If you encounter a person who is suicidal, you must act immediately.
  • Call 911 and get help on the way.
  • Never leave a suicidal individual alone.
  • If there is more than one individual with a suicidal individual, then the other person should remove drugs, weapons, and anything that the person may use to kill themselves from the premises.
  • If you think you can control the situation, take them to the nearest emergency room, but in most cases, you will want to leave this to professional first responders. Be cautious because the suicidal individual may act un-rationally.

    Now Is The Time to Act

    Even if there is a doubt in your mind, you need to take action immediately. Many police departments have specially trained officers who can begin the assessment process. All hospital emergency rooms have the resources to treat a suicidal individual. It is far better to act when you should not have than to not act and find out later that the individual committed suicide.

    What Are Some Warning Signs of Suicide?

    In America, one person commits suicide every 11 minutes. Warning signs include:

  • Dramatic mood shifts
  • Discussions of being a burden to others
  • Isolating themselves away from others
  • Overuse of alcohol and drugs
  • Posting distressing messages on social media
  • Reckless actions
  • Sleeping too much or too little
  • Statements indicating that they feel trapped without a way out
  • Reckless actions

    What Can You Do to Help Prevent a Suicide Attempt?

    If you think that someone you know may attempt suicide in the future, you need to be a great friend. Talk openly about how the individual is feeling, and do not be afraid to ask if the person has attempted suicide or may attempt it in the future.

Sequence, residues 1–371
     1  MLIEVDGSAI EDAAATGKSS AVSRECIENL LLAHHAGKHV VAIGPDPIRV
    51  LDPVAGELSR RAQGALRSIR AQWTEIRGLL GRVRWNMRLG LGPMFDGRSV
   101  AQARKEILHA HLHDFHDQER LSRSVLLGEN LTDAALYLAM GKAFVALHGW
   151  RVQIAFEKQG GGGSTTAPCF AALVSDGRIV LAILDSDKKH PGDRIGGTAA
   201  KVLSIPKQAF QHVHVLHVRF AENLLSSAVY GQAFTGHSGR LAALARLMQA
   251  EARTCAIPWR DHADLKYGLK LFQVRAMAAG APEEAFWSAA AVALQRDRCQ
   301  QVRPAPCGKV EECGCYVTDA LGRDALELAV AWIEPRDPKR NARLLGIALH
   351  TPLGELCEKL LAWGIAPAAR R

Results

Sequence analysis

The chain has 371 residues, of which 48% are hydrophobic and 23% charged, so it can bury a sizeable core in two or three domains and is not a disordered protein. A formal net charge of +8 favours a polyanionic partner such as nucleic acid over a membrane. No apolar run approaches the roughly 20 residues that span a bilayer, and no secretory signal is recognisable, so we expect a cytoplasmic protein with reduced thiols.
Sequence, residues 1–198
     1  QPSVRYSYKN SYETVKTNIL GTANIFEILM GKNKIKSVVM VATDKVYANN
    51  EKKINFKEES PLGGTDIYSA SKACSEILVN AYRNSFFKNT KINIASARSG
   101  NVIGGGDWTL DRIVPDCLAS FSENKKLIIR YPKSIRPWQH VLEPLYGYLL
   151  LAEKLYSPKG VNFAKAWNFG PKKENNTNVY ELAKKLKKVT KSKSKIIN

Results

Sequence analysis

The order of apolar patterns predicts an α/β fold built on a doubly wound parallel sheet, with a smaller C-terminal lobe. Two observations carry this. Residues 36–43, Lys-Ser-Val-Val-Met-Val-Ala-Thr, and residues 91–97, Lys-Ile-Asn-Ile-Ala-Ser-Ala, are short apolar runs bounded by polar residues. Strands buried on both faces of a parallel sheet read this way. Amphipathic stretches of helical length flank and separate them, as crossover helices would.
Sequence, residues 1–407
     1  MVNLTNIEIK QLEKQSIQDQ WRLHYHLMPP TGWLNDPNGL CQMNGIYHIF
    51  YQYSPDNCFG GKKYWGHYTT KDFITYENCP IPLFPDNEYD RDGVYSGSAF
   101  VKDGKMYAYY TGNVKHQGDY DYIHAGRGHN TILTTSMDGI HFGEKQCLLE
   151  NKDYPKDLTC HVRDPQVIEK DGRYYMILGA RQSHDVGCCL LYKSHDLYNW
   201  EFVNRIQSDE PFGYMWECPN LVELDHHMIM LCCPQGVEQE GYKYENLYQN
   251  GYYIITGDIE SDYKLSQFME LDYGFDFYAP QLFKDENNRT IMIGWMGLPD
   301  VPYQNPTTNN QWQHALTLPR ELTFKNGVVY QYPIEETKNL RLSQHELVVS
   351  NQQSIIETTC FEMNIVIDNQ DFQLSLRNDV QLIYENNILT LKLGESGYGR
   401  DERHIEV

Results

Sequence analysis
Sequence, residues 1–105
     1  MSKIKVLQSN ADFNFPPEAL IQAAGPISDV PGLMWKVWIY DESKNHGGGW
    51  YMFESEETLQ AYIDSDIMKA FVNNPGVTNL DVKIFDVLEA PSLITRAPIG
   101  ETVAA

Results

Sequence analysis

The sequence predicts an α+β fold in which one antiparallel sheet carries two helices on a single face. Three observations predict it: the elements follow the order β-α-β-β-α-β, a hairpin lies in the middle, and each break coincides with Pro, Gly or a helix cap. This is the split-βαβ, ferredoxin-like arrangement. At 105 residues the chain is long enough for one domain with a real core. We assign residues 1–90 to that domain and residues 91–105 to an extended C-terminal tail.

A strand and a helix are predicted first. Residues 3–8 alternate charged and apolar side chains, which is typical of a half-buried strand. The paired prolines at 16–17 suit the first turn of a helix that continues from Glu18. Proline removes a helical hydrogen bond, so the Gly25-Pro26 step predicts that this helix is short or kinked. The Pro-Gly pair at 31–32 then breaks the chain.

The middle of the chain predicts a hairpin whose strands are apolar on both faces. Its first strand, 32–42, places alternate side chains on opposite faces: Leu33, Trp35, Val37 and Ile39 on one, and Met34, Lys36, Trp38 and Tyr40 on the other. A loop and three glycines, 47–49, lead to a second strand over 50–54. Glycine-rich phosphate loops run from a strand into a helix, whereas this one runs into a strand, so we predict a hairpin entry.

Connect Them to Resources

    Get them connected to caring professionals, like:
    • National Suicide Prevention Lifeline 1-800-273-TALK or 1-800-273-8255
    • Crisis Text Line – Text talk to 741-741
    • Lifeline Crisis Chat –

    Stay Connected

    Make sure that you stay connected with them. There are outstanding programs that may be able to help you understand more about what your friend or loved one is going through, including:
    • American Association of Suicidology
    • American Foundation for Suicide Prevention
    • Befrienders Worldwide
    • Covenant House (The 9 Line)
    • Families for Depression Awareness
    • Friendship Line for those over 60

    Seek Help for Yourself

    If you are a caregiver for a suicidal individual, then you must take care of yourself first and have the backup, mental well-being, energy, and resources you need. Without these, you cannot help another individual, regardless of how much you love them. Therefore, do not hesitate to seek our help for yourself in helping another person.